I had to wait till after the march to catch the speeches on YouTube. Rhea Suh, President of the Natural Resources Defense Council, tied the march to the environment. She explained how important it is “that my daughter inherits a world where a healthy environment is a basic right for all of us . . . a world where the rights of communities and tribal nations are held first, not last, and polluters come second.”
Suh pointed to Flint, Michigan, “an entire town poisoned by a governor who took a page out of the Trump playbook, poisoned by a government looking to cut corners.” She asked, “Can you even imagine bathing your children in brown water, your knowledge that the glass of water you gave your daughter has made her sick”? Yet Suh ended her speech on a high note, citing the presence of over half a million people in DC alone as “proof that people engaging in our democracy can lead to real change.”
It is women who have the most to lose from climate catastrophe, and women who must get involved, as the march’s organizers emphasized. Hurricane Katrina, which devastated New Orleans in 2005, is a case in point. “After Katrina 80% of the people left behind in [New Orleans’] lower 9th ward were women,” explains Scozzaro. Six months after Katrina, “psychological victimization” of women increased at a 35% rate (compared to 17% for men) says Eyoel, citing a Global Gender and Climate Alliance report. In the same period, “physical victimization of women” nearly doubled.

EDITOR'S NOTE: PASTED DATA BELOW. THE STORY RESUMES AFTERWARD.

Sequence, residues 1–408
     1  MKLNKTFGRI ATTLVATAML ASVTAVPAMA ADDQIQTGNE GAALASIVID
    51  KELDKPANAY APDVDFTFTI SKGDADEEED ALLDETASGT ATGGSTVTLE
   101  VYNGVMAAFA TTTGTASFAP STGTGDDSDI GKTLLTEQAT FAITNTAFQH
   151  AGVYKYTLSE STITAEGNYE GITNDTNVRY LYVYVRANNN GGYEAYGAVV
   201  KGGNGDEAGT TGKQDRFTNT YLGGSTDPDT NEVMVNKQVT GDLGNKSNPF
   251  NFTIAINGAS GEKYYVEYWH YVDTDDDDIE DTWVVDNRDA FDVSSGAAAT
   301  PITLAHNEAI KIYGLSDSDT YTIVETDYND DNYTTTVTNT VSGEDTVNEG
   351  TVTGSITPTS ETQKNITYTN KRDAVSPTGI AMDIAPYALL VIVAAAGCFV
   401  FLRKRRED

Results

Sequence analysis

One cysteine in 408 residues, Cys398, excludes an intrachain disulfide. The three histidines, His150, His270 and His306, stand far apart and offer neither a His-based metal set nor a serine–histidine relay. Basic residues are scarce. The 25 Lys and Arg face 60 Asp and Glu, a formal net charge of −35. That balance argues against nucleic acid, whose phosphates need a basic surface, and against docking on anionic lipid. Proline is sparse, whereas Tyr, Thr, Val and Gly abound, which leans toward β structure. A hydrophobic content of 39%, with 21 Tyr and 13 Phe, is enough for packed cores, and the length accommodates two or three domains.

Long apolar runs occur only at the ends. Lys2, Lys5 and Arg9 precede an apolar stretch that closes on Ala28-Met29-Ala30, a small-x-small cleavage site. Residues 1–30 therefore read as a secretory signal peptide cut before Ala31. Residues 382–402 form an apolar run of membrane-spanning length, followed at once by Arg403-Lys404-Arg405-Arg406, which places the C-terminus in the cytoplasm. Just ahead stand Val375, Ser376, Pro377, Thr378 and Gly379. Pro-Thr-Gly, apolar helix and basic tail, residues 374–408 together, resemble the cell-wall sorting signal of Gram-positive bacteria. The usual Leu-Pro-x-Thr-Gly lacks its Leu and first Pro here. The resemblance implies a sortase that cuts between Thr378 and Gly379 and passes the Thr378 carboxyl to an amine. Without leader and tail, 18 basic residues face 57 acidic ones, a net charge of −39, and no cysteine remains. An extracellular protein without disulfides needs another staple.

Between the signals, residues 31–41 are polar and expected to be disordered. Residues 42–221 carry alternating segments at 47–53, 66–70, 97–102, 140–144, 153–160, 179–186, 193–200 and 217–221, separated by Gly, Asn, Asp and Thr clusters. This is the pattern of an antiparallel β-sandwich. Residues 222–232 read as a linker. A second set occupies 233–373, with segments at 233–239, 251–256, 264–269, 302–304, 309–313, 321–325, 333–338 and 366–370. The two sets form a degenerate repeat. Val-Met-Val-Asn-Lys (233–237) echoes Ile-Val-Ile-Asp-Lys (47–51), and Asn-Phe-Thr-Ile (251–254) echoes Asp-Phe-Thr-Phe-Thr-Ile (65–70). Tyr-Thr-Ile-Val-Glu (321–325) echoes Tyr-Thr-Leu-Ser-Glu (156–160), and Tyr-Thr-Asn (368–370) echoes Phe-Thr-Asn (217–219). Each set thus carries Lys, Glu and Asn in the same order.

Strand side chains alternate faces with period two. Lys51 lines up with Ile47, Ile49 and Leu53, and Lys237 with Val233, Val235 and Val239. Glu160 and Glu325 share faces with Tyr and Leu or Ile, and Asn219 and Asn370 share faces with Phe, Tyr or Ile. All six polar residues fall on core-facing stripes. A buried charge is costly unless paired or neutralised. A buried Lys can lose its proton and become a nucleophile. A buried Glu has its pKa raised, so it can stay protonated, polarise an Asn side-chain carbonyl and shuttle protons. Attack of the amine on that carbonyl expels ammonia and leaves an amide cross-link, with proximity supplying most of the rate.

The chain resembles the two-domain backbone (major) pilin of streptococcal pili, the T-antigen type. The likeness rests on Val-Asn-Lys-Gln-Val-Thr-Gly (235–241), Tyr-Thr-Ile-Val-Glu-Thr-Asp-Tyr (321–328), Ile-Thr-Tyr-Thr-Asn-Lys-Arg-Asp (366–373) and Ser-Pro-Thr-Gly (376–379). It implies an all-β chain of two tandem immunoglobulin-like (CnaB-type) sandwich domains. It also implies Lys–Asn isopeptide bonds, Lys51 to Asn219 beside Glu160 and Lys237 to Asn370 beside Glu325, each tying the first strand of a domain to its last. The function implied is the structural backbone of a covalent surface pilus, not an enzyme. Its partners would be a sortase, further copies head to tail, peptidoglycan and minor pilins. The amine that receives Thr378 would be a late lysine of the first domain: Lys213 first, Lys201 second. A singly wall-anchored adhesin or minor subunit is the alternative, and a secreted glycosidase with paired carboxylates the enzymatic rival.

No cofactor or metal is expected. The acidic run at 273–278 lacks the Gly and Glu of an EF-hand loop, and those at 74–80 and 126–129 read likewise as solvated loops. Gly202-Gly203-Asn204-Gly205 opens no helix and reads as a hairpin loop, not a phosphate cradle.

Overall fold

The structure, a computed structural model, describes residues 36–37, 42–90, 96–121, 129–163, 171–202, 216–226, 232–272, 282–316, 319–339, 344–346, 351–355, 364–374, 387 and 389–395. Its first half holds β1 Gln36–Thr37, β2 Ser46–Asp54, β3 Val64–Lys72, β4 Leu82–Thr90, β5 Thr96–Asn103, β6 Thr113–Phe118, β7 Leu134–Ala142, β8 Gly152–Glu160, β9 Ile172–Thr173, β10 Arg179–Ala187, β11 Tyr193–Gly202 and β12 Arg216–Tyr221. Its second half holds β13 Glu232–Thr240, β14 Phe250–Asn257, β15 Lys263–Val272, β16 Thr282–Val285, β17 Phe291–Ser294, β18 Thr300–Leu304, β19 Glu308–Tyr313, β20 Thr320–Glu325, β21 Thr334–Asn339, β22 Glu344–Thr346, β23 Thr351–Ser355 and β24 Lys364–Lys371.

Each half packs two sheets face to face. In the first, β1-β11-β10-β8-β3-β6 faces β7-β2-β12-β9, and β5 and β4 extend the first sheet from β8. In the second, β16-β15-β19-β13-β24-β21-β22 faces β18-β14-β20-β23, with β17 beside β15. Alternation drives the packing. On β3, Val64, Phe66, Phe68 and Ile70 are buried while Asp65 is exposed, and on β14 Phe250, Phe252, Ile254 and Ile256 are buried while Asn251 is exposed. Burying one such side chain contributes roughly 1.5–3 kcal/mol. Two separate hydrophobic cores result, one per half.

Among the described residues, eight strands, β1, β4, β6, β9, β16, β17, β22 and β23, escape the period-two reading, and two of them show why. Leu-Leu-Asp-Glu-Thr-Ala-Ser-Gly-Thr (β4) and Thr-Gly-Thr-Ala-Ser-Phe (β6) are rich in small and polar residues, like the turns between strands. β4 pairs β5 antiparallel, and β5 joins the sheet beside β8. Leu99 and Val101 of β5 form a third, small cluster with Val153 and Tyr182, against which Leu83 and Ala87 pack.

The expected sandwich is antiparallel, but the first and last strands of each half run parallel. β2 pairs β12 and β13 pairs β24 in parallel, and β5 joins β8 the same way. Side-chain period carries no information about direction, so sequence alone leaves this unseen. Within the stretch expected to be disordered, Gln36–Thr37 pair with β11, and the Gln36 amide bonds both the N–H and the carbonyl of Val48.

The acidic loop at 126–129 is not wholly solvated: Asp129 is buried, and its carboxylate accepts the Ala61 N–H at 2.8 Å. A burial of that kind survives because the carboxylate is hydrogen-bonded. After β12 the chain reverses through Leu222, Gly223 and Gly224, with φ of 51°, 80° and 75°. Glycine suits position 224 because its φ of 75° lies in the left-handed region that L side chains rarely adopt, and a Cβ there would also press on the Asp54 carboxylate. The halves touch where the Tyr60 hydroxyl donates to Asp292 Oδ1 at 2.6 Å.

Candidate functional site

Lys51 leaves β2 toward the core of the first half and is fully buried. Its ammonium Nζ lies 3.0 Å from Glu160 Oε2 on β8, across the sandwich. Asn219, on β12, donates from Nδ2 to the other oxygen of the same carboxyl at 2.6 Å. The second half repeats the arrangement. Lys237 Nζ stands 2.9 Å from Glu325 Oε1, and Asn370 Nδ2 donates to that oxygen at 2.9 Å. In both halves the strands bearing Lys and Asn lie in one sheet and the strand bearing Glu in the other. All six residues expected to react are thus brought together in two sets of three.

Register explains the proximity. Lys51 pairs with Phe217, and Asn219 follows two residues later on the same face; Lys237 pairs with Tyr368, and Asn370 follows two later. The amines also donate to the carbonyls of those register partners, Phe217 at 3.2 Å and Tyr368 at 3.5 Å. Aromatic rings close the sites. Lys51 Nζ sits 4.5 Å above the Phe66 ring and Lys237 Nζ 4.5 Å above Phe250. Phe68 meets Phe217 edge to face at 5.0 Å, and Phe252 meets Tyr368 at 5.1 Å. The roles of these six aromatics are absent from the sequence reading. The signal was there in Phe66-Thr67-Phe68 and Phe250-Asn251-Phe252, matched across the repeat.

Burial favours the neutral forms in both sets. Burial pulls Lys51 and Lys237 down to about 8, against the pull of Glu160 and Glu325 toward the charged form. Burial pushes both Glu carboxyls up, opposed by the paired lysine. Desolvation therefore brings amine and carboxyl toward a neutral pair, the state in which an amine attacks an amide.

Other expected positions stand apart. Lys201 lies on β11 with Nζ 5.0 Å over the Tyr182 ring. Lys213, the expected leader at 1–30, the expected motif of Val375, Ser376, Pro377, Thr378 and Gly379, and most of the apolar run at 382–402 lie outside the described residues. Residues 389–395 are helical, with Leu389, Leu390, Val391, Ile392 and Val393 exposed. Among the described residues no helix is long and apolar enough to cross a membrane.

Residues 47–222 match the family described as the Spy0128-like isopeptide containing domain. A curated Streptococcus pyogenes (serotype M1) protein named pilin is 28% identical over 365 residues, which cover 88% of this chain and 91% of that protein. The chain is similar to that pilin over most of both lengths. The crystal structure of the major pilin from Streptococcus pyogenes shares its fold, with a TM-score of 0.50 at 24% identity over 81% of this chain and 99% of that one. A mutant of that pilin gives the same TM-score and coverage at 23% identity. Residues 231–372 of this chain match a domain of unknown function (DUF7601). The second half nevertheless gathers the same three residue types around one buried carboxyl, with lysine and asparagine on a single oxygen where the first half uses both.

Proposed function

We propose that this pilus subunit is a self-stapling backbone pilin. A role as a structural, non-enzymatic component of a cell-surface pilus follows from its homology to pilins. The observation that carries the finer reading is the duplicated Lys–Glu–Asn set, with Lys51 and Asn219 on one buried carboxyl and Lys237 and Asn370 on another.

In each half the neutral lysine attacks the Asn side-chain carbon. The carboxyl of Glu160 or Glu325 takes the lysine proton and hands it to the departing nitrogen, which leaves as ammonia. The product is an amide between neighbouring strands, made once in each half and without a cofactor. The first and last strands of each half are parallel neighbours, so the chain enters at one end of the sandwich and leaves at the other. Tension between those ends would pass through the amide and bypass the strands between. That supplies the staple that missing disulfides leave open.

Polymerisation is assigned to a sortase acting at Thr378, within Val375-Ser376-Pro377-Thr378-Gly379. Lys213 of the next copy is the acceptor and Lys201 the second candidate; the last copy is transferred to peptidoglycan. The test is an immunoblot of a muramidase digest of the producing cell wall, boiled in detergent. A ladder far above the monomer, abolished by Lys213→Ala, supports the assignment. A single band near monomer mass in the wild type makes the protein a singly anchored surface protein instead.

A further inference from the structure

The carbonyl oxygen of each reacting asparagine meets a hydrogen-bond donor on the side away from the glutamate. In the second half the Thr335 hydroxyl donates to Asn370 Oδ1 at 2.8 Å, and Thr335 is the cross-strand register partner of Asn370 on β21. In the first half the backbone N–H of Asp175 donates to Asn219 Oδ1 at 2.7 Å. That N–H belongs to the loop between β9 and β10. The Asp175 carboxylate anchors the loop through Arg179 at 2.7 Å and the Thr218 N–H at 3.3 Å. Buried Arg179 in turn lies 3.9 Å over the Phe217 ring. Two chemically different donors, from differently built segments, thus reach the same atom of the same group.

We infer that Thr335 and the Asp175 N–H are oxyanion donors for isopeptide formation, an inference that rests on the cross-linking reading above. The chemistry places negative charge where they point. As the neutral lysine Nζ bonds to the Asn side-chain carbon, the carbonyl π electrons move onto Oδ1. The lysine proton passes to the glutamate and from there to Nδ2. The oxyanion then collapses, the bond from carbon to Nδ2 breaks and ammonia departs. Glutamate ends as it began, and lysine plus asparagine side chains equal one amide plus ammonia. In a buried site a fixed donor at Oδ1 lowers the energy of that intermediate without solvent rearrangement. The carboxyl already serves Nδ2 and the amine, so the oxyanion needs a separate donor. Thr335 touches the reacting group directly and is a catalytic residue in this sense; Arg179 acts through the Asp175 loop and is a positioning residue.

Around the planet, changing weather patterns and natural disasters are hitting women hard and will only grow worse. “Climate change has a tremendous effect on a global scale,” says Eyoel, “especially in less developed countries.” In Bangladesh, for example, “crop failure means increasing migration by women disproportionately.”
Women today often find themselves at the “front lines globally in efforts to revision and heal the world,” says Osprey Orielle Lake of Women’s Earth and Climate Action Network, speaking at a telephone press conference. She cites the women at Standing Rock who stood up to fight an oil pipeline and protect their water, and the Honduras women killed fighting to stop mega-dams. Lake exclaims that “violence against the Earth is directly linked to violence against women.”
Eyoel describes the marches, around the world as well as in DC, as an “unprecedented and virulent global movement that just came about in eight weeks under the leadership of everyday people.” After moving to this country from Ethiopia in 1998, Eyeol became a citizen this past September and quickly volunteered to help organize.
The issues Eyeol helps advocates are not just for immigrants, not just for women, and not just for city dwellers. “Both women’s rights and the environment have the support of a majority of Americans,” says Scozzaro. The Women’s March was a chance “to lift up those voices, make sure President Trump knows he does not have mandate on either.”
Those committed to fighting climate change will have another chance to march. On April 29th, 100 days into the Trump presidency, the Sierra Club and other groups are planning a follow-up to the 2014 People’s Climate March, providing a chance to build on the momentum of the Women’s March.